• Danielle - Wow. You’re story is my story. And I absolutely understand and want to hug you all the same.
    The whole point is helping our child to be the best version of themselves possible.
    Luckily, I am also a teacher, and I spend my days helping my 6th graders to be the compassionate and loving children that I hope will one day surround my little guy.
    Thank you for sharing this. It needs to be shouted from the mountain tops.ReplyCancel

  • Katie - Lauren I think we’re walking down same road at the same time
    What you wrote brought me to tears because I felt like you are telling storyReplyCancel

  • Eric - I’ve felt everything you are feeling. Sometimes, what we think other people are thinking about us is just as hurtful as what they actually are thinking. As a special needs parent in public, you are constantly thinking people are watching you and wondering about your family. It is a heavy weight to carry around.ReplyCancel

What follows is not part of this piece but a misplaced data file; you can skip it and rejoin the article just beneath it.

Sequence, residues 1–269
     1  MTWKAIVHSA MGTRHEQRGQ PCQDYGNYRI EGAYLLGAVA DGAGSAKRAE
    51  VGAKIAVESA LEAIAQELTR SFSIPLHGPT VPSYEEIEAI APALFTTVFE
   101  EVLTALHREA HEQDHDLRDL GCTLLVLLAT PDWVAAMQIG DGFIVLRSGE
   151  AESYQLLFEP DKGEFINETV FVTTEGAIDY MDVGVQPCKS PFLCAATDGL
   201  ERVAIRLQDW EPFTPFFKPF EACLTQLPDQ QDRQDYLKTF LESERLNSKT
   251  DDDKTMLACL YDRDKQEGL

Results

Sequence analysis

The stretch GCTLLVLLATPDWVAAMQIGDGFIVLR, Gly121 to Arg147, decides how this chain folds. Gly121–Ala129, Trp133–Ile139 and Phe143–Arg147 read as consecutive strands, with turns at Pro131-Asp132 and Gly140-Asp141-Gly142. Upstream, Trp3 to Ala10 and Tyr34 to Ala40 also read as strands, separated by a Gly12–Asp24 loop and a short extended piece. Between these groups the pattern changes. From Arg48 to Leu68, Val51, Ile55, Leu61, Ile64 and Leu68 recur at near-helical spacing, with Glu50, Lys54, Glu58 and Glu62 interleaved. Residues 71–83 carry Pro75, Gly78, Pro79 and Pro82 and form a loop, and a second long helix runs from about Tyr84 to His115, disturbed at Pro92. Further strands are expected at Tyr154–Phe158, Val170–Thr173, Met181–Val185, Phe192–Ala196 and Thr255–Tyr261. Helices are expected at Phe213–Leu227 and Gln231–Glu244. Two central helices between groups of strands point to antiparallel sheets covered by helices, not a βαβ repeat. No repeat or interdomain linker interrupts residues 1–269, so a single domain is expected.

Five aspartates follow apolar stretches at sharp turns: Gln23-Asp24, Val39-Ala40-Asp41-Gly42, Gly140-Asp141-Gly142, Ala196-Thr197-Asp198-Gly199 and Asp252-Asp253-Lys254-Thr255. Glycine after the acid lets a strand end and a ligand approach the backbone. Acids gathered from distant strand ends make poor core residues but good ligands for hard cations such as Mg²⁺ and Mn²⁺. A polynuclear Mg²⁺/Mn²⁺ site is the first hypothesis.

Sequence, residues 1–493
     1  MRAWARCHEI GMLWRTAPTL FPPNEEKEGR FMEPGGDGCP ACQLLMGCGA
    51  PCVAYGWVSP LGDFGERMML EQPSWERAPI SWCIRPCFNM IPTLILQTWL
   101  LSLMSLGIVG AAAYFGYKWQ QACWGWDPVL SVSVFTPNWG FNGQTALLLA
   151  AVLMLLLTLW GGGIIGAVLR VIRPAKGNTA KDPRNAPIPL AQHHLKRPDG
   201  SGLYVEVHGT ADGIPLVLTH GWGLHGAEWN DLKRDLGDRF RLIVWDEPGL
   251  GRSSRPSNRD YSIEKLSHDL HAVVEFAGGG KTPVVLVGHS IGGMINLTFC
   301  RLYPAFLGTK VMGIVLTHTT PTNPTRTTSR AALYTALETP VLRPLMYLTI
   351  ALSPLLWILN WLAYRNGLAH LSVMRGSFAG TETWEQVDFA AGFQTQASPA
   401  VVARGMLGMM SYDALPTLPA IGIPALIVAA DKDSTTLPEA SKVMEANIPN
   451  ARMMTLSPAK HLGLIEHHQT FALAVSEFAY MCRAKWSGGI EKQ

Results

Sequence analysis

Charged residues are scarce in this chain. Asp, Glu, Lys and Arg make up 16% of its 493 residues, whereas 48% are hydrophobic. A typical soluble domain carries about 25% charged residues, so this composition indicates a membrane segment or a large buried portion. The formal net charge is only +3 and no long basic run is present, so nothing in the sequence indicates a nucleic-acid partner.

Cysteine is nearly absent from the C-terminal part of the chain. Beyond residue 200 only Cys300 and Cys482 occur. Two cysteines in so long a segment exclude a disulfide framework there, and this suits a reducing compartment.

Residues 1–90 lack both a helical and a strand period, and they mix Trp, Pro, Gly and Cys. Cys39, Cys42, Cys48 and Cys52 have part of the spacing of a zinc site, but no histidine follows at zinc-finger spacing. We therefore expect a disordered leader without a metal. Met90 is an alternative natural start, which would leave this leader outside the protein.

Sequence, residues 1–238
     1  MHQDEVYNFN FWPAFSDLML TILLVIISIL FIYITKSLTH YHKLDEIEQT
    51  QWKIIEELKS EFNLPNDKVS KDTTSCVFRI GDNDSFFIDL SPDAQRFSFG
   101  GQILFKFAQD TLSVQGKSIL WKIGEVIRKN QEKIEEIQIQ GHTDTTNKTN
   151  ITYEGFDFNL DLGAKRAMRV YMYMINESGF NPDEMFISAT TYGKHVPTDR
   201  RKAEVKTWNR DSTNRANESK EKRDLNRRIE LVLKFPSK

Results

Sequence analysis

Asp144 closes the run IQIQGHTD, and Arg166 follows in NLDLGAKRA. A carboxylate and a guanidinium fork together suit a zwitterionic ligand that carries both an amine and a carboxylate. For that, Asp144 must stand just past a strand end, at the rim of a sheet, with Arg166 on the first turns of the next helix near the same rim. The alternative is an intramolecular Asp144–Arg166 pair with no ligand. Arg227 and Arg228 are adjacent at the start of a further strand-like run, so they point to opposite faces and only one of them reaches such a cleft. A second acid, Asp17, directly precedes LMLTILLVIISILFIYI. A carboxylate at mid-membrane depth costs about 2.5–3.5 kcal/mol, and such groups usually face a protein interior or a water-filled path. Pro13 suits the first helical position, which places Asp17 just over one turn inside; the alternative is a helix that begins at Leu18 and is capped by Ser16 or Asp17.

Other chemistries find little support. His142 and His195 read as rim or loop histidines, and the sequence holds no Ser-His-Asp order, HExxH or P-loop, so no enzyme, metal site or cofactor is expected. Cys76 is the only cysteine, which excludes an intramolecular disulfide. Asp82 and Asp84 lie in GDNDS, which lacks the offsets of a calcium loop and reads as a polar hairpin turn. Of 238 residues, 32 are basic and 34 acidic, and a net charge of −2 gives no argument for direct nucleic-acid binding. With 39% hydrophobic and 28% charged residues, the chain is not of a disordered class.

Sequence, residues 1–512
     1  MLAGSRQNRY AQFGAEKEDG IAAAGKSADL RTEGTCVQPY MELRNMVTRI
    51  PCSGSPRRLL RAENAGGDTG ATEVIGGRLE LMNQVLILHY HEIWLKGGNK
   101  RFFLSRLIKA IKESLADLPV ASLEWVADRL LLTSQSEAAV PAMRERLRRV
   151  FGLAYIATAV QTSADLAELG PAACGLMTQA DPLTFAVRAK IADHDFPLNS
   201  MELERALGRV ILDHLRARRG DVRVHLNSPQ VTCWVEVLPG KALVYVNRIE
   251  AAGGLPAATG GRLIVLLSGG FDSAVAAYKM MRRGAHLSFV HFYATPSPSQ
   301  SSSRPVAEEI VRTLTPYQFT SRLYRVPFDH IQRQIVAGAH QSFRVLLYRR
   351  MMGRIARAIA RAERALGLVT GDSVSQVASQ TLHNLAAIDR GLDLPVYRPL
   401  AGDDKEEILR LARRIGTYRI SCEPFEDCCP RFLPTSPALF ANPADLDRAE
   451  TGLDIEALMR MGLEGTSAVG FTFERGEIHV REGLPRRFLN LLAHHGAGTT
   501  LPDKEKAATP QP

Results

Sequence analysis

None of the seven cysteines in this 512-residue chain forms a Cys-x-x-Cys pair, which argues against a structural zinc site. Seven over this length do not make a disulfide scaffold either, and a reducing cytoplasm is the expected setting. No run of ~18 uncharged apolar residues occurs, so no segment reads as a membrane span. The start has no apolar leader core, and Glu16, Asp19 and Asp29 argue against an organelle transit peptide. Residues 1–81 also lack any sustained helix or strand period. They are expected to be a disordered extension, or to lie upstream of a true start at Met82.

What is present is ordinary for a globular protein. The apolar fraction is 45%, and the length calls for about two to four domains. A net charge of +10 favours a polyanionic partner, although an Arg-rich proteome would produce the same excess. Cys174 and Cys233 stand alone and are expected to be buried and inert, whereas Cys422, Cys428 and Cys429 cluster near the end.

• Taylor - I just stumbled across your blog and I’ve been reading it all morning. Your children are beautiful. My brother and I were both adopted so I can relate to a lot of this. Thank you for sharing your stories.ReplyCancel

  • Julie - Thanks for the encouragement. This was such a blessing to me today.ReplyCancel

  • Silvia Salib - You have put it into words so beautifully, expressed the pain and joy of autism. Thanks, I will re read when I need strength xReplyCancel